Using GPS-enabled cell phones to track the travel patterns of adolescents

Sarah E. Wiehe, Aaron E. Carroll, Gilbert C. Liu, Kelly L. Haberkorn, Shawn C. Hoch, Jeffery S. Wilson, J. Dennis Dennis

Research output: Contribution to journalArticle

90 Scopus citations


Background: Few tools exist to directly measure the microsocial and physical environments of adolescents in circumstances where participatory observation is not practical or ethical. Yet measuring these environments is important as they are significantly associated with adolescent health-risk. For example, health-related behaviors such as cigarette smoking often occur in specific places where smoking may be relatively surreptitious. Results: We assessed the feasibility of using GPS-enabled cell phones to track adolescent travel patterns and gather daily diary data. We enrolled 15 adolescent women from a clinic-based setting and asked them to carry the phones for 1 week. We found that these phones can accurately and reliably track participant locations, as well as record diary information on adolescent behaviors. Participants had variable paths extending beyond their immediate neighborhoods, and denied that GPS-tracking influenced their activity. Conclusion: GPS-enabled cell phones offer a feasible and, in many ways, ideal modality of monitoring the location and travel patterns of adolescents. In addition, cell phones allow space- and time-specific interaction, probing, and intervention which significantly extends both research and health promotion beyond a clinical setting. Future studies can employ GPS-enabled cell phones to better understand adolescent environments, how they are associated with health-risk behaviors, and perhaps intervene to change health behavior.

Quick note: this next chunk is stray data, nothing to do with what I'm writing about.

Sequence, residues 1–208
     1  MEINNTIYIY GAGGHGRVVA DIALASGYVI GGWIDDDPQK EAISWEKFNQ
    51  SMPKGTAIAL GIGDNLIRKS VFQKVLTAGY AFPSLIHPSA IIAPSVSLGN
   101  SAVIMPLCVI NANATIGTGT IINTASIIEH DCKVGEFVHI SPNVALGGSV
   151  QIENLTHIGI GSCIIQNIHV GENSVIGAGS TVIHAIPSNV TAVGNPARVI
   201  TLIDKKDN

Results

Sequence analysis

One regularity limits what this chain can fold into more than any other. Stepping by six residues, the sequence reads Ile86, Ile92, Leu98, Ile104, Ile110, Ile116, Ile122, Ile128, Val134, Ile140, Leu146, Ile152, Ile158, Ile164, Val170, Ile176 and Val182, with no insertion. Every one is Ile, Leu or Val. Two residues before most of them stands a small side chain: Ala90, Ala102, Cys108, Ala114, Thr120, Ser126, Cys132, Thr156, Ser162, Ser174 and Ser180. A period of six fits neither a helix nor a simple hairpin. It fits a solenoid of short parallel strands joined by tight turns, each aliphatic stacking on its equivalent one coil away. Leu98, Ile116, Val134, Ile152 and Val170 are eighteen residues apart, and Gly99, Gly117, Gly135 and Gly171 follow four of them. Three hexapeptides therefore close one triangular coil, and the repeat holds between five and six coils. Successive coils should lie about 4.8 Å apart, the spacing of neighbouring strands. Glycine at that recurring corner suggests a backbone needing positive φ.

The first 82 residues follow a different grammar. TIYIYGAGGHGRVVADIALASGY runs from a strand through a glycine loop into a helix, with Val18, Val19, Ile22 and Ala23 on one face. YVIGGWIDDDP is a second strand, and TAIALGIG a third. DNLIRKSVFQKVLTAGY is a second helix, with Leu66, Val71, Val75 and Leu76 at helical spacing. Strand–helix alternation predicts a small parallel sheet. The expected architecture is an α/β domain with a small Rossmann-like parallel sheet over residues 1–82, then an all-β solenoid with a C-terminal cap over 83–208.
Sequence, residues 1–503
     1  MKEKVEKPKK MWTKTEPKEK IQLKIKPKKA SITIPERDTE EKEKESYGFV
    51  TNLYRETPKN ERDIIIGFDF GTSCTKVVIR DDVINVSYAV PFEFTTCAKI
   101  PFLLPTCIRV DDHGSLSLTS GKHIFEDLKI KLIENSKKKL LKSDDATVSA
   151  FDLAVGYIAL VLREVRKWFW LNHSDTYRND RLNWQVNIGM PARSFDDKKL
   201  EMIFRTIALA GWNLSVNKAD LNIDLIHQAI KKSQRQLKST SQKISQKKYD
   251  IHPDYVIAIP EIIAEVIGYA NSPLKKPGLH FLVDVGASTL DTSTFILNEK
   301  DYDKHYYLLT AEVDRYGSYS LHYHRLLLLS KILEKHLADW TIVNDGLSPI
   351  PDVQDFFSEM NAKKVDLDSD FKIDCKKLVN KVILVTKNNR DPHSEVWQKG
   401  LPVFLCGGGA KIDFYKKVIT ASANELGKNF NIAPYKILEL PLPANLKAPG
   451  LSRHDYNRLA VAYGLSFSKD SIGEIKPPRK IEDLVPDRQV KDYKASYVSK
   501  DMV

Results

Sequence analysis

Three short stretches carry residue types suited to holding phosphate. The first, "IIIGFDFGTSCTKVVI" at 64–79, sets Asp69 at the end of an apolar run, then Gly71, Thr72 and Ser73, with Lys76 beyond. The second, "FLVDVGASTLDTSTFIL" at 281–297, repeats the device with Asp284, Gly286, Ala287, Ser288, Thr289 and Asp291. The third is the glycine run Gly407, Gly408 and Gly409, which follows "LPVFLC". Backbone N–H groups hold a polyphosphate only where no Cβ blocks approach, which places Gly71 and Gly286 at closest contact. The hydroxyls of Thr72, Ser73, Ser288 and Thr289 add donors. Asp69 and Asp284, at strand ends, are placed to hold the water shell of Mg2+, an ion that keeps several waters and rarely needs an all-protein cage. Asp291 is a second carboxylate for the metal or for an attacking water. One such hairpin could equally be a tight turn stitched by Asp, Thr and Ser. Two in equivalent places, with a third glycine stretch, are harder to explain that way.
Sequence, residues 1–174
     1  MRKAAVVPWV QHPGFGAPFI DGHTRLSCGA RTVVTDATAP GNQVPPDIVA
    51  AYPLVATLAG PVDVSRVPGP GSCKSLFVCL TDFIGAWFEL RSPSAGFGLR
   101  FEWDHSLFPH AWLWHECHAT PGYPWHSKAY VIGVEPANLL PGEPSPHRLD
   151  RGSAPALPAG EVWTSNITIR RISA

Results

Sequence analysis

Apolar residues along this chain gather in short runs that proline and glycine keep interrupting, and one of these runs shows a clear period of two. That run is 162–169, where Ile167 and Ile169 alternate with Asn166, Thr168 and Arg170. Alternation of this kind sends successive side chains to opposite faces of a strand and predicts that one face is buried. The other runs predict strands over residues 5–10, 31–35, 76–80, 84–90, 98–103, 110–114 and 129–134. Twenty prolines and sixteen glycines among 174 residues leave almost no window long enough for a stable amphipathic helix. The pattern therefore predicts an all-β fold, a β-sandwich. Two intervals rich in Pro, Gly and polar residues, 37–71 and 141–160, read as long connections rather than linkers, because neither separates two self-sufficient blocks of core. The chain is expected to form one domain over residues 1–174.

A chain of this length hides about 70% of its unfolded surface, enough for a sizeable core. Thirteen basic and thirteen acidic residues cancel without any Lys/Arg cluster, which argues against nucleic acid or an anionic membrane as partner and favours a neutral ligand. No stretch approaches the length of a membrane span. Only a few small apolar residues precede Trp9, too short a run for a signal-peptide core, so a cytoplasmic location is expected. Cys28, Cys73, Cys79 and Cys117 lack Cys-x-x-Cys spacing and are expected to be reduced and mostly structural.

Original languageEnglish (US)
Article number22
JournalInternational Journal of Health Geographics
StatePublished - May 21 2008

ASJC Scopus subject areas

  • Computer Science(all)
  • Business, Management and Accounting(all)
  • Public Health, Environmental and Occupational Health

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